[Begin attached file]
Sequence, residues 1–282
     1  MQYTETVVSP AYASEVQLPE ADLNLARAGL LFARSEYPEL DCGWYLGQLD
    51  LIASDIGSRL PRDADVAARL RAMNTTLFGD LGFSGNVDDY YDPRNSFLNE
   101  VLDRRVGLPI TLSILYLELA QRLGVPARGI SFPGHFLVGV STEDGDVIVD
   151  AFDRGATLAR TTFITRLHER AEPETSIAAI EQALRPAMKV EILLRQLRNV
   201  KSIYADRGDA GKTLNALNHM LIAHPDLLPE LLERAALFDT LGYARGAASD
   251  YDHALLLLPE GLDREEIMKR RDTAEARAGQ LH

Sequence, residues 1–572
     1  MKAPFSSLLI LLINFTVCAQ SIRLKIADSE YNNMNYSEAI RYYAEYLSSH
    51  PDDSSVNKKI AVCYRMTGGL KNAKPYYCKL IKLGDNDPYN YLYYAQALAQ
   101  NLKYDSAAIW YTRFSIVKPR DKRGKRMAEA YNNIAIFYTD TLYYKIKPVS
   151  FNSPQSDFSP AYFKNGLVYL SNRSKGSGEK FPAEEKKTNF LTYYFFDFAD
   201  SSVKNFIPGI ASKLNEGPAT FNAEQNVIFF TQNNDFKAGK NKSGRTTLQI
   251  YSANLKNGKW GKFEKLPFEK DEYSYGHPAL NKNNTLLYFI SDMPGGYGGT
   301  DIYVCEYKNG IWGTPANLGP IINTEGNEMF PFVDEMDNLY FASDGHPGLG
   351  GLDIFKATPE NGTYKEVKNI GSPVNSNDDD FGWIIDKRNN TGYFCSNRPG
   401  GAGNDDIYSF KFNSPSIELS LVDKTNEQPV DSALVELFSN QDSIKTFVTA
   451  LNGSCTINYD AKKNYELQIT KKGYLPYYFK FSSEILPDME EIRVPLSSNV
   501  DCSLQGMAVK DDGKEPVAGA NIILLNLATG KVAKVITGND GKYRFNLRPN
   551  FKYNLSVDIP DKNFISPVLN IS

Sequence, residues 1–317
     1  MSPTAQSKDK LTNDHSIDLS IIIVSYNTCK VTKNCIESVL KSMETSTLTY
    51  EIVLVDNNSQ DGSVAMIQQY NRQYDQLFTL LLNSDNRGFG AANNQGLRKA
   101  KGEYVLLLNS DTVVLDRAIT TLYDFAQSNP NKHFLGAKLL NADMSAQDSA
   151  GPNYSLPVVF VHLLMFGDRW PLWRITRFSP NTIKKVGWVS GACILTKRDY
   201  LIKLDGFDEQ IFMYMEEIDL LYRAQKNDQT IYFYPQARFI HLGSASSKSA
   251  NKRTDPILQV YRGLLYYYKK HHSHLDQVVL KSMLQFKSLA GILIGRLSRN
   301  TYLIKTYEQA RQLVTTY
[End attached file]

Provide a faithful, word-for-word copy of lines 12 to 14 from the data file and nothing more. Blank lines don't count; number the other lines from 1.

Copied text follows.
   151  FNSPQSDFSP AYFKNGLVYL SNRSKGSGEK FPAEEKKTNF LTYYFFDFAD
   201  SSVKNFIPGI ASKLNEGPAT FNAEQNVIFF TQNNDFKAGK NKSGRTTLQI
   251  YSANLKNGKW GKFEKLPFEK DEYSYGHPAL NKNNTLLYFI SDMPGGYGGT